The role of all the bacteria is not well understood but these microbes could be responsible for helping plants evade pathogenic infections or even help in faster growth. Certain bacteria were also found is certain areas where the air composition was markedly different, thereby showing that plants are wor…

Earth images in 4K [Coffee-byte]

4K displays made quite a furore at tech shows this year and there are many models of 4K TVs that are available in the market to buy. For the uninitiated, 4K resolution, also called Ultra High Definition (UHD), is the next big thing after HD. But what is the use of these TVs or displays when you do not have the content to see.
Well, the European Space Agency has recently released a video of the Earth Images, taken from the International Space Station (ISS) by astronaut, Alexander Gerst. Images that are part of this video were shot through a high resolution (4256 X 2832 pixels) camera on top of the ISS every one second and then sent back to the Earth.
A team at ESA then made this video by playing the still pictures at 25 frames per second and also taking the liberty to add some artistic touches to it.
The resolution for the video here can be raised all the way to 4K but the video is enjoyable even at lesser resolutions! Do post your reactions in the comments section below and subscribe…

Fractals- the Bizarre and Beautiful pattern to chaos [Coffee-byte]

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I have always loved how everywhere you look, you cannot help but notice how symmetric everything in nature really is. I have been fascinated with repetitive pattern and I have always managed to find inspiration all around me for my doodles.

Fractals - they are called, and they are made up of the simplest patterns forming complex larger patterns. They are, as fractalfoundation puts it, - ' never ending patterns that are infinitely complex and self similar across different scales.' The term 'fractals' was first used by the mathematician - Benoit Mandelbrot, who worked on the "theory of roughness"- which argued that like everything else in nature, roughness, chaos and mess also have a pattern.
The Mandelbrot set, that is a never ending loop of the same pattern within the pattern, which may sometimes gives you a headache after staring at it for a while, was first displayed by him and rightfully named so in his honour.

 Here are some that are quite interesting





You ca…

Rosetta Update: Landing site options not very safe [Coffee-byte]

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In an interesting turn of events, scientists at the European Space Agency are having a difficult time determining the perfect landing spot for Rosetta's probe, Philae. An earlier update from the agency at the beginning of the month had revealed that 5 landing spots had been shortlisted from the the probable list of 10 chosen first. 

But further analysis of these sites has shown that none of them seem safe enough for Philae to land. Rosetta has been returning high resolution images of these probable sites of landing and the comet 67P seems to have layered cliffs along most of the landing sites that have been identified so far. Philae needs a landing strip close to 1 km long and hitting one of the layered cliffs might end its mission prematurely.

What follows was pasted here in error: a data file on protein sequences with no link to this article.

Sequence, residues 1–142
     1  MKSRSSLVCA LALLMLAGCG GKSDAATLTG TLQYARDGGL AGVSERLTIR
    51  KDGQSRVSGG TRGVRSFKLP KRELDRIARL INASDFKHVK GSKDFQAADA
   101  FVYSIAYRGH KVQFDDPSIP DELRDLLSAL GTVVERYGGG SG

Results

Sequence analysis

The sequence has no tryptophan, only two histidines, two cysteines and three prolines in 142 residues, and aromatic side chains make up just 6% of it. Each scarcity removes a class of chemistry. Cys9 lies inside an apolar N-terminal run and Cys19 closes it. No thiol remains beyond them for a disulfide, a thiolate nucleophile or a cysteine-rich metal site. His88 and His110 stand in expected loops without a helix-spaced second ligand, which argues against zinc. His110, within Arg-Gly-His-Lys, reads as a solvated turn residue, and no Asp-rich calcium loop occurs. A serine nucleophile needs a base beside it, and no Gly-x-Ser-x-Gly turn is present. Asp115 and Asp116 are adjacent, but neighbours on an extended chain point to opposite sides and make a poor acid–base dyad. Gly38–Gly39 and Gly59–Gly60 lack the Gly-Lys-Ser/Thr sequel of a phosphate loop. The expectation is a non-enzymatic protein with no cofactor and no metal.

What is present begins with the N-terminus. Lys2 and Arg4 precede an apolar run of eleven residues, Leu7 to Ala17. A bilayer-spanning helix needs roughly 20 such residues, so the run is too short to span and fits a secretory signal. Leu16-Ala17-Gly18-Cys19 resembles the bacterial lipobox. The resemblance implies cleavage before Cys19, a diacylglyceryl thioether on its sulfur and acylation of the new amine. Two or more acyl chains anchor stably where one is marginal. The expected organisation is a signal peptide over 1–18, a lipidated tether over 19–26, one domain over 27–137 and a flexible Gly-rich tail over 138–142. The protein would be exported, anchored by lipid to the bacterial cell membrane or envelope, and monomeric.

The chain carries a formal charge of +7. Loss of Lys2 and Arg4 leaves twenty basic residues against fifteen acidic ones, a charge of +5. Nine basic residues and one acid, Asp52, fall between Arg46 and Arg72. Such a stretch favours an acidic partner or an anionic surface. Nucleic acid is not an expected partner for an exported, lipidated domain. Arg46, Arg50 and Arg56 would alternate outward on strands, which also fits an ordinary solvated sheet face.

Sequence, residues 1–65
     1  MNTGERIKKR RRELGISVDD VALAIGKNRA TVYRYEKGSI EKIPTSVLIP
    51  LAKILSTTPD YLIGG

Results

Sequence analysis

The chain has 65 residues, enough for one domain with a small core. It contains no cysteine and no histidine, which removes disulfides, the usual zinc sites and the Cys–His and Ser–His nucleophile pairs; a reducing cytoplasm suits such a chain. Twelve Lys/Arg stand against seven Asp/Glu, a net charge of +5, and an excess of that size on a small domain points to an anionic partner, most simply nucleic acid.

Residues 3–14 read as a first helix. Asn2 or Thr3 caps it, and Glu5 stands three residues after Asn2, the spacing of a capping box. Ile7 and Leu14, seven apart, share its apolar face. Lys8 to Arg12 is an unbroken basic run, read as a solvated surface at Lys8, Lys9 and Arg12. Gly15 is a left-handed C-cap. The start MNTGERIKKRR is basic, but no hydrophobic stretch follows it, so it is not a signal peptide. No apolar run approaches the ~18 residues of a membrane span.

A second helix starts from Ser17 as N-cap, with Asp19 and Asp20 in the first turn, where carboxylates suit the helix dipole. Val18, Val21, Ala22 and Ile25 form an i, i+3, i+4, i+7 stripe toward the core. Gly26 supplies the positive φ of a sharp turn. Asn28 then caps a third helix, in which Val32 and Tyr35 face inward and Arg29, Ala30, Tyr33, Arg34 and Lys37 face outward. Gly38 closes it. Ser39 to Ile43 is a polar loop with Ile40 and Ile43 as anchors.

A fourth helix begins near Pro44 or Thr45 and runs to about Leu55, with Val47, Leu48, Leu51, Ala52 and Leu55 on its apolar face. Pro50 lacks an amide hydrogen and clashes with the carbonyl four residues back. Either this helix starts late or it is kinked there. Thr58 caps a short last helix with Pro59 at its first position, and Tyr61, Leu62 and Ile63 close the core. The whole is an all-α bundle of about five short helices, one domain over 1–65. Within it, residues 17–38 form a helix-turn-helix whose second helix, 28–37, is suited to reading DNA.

The comet's duck shaped body does not make life easier as well. There is sufficient landing space on some other sites on the comet but due to their location, they do not have access to sunlight which means that batteries on the probe …

Feeling low at work? Add a plant to your workspace [Coffee-byte]

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If you have been feeling low at work for some time now, do look around to see if there is some greenery to cheer you up. If there isn't, do step out and get yourself a potted plant. Well, this is no 'feng-shui' advice that we are giving away, but the result of three elaborate studies carried out by researchers at in UK and Netherlands and published in the Journal of Experimental Psychology: Applied.
Studies on the effects of indoor plants date back to late 1990s but evidence for introducing green environs takes us back to the Burolandschaft movement in Germany in the 1950s when office landscaping was done to make working environment more collaborative and humane. 
The obvious benefits of having a plant in closed spaces such as an office would be active replenishment of carbon di-oxide with oxygen thereby increasing productivity. 
The other explanation for explaining this benefit is attributed to the attention restoration therapy (ART) that was proposed by Kaplan in 1995. …

Smartphone case that's harder than steel [Coffee-byte]

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When buying a smartphone, a protective case is almost a reflex buy. Available in a variety of colours, forms, shapes, these smartphone cases are pleasing to the eye but do not offer us the comfort that they will protect the phone forever. The smartphone case bears the brunt of everyday usage and does not have a very long life. But researchers at Yale University have now been successful in making cases out of bulk-metallic glasses (BMGs) that will be 'around 50 times harder than plastic and 3 times harder than steel and yet remain lightweight to be made into cases.' 
Researcher Jan Schroers, spent over a decade, trying different approaches to work with bulk metallic glasses and make them malleable. While the standard method of working of metals would be to heat them and then mold them to desired shapes, Prof. Schroers used the technique called 'supercooling' to soften the metal by cooling, enough for it to be molded. Not only can BMGs then be molded as plastic, the met…